10.Ganjei P, Dickinson B, Harrison TA, Nassiri M, Lu Y. Aspiration cytology of neoplastic and non neoplastic ovarian cysts. Is it accurate? Int J Gynecol Pathol 1996;15:94-101.  Back to cited text no. 10      
11.Wojcik EM, Selvaggi SM. Fine needle aspiration cytology of cystic ovarian lesions. Diagn Cytopathol 1994;11:9-14.  Back to cited text no. 11  [PUBMED]    
12.Khan N, Afroz N, Aqil B, Khan T, Ahmad I. Neoplastic and nonneoplastic ovarian masses: Diagnosis on cytology. J Cytol 2009;26:129-33.  Back to cited text no. 12    Medknow Journal  
13.Sood T, Handa U, Mohan H, Goel P. Evaluation of aspiration cytology of ovarian masses with histopathological correlation. Cytopathology 2010;21:176-85.  Back to cited text no. 13  [PUBMED]  [FULLTEXT]  
14.Hemalatha AL, Divya P, Mamatha R. Image-directed percutaneous FNAC of ovarian neoplasms. Indian J Pathol Microbiol 2005;48:305-9.  Back to cited text no. 14      
15.Kedar RP, Patel VH, Merchant SA, Aggarwal V, Pandit AA. Ultrasound guided aspiration cytology-a valuable diagnostic aid. J Postgrad Med 1991;37:84-7.  Back to cited text no. 15  [PUBMED]  Medknow Journal  
16.Trimbos JB, Hacker NF. The case against aspirating ovarian cysts. Cancer 1993;72:828.  Back to cited text no. 16  [PUBMED]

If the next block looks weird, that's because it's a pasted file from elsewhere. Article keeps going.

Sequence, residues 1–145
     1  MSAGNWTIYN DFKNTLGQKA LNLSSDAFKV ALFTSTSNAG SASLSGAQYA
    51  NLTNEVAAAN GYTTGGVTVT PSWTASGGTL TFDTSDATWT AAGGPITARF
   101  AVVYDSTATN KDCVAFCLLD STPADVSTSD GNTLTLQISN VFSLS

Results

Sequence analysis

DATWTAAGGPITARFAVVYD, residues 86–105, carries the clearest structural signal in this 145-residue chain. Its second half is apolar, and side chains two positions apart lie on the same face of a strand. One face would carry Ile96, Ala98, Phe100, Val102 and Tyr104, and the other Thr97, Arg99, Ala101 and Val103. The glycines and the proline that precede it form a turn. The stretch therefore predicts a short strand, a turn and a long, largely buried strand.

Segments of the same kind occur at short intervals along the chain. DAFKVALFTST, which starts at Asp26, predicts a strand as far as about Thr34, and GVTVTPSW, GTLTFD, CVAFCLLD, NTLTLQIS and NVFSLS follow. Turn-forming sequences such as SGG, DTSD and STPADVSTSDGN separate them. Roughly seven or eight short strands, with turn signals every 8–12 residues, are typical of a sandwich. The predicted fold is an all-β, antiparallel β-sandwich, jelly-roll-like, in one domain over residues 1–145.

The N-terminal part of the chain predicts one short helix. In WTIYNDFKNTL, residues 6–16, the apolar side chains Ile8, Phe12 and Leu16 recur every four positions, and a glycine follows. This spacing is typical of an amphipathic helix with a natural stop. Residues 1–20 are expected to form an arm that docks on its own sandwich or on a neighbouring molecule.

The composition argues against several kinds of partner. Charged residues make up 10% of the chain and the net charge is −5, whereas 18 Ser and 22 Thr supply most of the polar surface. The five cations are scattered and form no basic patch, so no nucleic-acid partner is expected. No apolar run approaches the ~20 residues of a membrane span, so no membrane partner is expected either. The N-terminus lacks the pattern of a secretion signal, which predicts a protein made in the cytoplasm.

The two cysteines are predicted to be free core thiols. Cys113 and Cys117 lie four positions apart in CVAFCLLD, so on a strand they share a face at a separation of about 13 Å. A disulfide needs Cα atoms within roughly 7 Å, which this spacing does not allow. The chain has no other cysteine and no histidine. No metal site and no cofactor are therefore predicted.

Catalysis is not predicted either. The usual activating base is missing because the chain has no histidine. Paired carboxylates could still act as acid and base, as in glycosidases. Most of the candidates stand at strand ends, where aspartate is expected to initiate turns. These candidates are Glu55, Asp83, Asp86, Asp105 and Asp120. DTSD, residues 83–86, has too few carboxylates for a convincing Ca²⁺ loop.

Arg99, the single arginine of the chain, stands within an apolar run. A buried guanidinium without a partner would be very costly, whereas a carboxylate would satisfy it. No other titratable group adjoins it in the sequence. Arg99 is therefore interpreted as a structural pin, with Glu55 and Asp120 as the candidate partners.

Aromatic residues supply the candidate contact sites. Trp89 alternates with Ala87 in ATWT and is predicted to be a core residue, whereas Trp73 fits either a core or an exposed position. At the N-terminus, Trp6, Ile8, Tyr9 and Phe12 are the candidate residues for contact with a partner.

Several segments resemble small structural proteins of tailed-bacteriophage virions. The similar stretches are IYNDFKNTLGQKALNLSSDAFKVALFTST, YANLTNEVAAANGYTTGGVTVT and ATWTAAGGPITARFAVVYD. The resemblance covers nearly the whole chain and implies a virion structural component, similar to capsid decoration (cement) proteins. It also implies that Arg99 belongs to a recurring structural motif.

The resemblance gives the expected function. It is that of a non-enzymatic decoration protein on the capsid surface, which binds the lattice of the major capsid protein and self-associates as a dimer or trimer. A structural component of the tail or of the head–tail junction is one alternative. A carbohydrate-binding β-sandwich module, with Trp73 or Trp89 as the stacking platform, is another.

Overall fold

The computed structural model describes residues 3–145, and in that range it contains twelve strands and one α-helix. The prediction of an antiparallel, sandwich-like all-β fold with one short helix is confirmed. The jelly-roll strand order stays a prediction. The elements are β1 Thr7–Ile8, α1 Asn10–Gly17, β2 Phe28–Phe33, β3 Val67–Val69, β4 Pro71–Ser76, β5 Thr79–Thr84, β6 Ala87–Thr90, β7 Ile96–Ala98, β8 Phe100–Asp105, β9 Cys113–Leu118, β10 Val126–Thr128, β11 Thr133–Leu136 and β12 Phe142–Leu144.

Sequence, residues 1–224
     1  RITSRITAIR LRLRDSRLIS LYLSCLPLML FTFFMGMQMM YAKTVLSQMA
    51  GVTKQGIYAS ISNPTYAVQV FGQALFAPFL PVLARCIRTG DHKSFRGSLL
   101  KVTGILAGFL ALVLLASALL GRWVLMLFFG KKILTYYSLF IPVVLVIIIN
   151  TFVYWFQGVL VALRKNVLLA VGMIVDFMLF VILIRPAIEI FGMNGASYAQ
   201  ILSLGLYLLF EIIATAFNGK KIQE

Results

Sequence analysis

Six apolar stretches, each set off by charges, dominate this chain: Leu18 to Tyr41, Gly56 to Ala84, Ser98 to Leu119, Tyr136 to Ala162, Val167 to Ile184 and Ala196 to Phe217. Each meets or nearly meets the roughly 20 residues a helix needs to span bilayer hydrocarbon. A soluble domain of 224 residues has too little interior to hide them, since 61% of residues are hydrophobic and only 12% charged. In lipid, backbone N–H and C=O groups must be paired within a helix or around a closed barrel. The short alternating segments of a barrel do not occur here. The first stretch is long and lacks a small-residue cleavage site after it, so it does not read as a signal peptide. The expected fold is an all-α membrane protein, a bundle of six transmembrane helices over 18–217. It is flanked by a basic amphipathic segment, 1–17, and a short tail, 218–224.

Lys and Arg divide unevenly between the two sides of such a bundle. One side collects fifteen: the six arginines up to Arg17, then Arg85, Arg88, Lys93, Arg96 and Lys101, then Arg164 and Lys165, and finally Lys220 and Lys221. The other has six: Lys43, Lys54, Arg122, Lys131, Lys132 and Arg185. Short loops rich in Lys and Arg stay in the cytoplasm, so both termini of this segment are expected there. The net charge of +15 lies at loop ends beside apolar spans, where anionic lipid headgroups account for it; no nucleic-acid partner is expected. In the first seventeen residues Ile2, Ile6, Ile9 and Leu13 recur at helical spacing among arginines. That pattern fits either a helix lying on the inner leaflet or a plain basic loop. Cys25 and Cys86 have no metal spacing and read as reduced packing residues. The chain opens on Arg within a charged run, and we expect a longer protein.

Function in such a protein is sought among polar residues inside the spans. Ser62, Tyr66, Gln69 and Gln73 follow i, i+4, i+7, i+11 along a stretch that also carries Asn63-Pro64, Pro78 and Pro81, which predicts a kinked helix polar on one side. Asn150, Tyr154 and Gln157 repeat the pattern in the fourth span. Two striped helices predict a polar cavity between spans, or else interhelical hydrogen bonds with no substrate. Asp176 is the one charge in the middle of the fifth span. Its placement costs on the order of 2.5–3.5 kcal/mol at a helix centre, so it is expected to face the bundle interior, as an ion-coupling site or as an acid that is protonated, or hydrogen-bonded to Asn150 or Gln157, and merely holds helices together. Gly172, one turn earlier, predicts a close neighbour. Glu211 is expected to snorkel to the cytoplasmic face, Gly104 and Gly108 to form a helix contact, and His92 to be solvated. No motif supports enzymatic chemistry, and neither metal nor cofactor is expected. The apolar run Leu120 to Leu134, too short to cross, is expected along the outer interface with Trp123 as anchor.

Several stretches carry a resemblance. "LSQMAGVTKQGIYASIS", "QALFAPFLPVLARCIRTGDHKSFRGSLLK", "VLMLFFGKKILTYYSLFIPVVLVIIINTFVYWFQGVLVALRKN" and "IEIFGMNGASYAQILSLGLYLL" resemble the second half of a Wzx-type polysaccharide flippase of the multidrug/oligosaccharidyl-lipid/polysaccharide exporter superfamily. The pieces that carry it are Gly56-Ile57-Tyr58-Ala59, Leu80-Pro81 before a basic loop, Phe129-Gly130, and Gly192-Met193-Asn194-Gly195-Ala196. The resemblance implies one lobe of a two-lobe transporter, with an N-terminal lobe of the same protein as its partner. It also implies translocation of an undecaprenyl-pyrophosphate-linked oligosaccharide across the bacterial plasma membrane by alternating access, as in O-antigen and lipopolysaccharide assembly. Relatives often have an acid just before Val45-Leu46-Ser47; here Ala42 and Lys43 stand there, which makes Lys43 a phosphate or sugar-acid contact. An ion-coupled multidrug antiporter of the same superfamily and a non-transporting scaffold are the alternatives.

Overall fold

17.De Crespigny LC, Robinson HP, Davoren RA, Fortune D. The 'simple' ovarian cyst: Aspirate or operate? Br J Obstet Gynaecol 1989;96:1035.  Back to cited text no. 17  [PUBMED]    
18.Wojcik EM, Selvaggi SM. Diagnostic accuracy of fine needle aspiration cytology in persistent or recurrent gynecologic malignancies. Diagn Cytopathol 1992;8:322.  Back to cited text no. 18  [PUBMED]    
19.Wojcik EM, Selvaggi SM, Johnson SC, Martier SS, Ager JW. Factors influencing fine-needle aspiration cytology in the management of recurrent gynecologic malignancies. Gynecol Oncol 1992;46:281.  Back to cited text no. 19  [PUBMED]    
20.Bergman CA. Diagnosis and staging. In: Ozols RF, editor. Ovarian cancer., Atlas of clinical oncology (American cancer society). USA: PMPH; 2003. p. 101-12.  Back to cited text no. 20      
21.Sassone AM, Timor-Tritsch IE, Artner A, Westhoff C, Warren WB. Transvaginal sonographic characterization of ovarian disease: Evaluation of a new scoring system to predict ovarian malignancy. Obstet Gynecol 1991;78:70.  Back to cited text no. 21  [PUBMED]    
22.Yee H, Greenebaum E, Lerner J, Heller D, Timor-Tritsch IE. Transvaginal sonographic characterization combined with cytologic evaluation in the diagnosis of ovarian and adnexal cysts. Diagn Cytopathol 1994;10:107.  Back to cited text no. 22  [PUBMED]    

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Correspondence Address:
Hena A Ansari
Bait-ul-Anwaar, Ahmad Gali, Medical Road, AMU, Aligarh - 202 002, UP
India
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Source of Support: None, Conflict of Interest: None


DOI: 10.4103/0970-9371.71872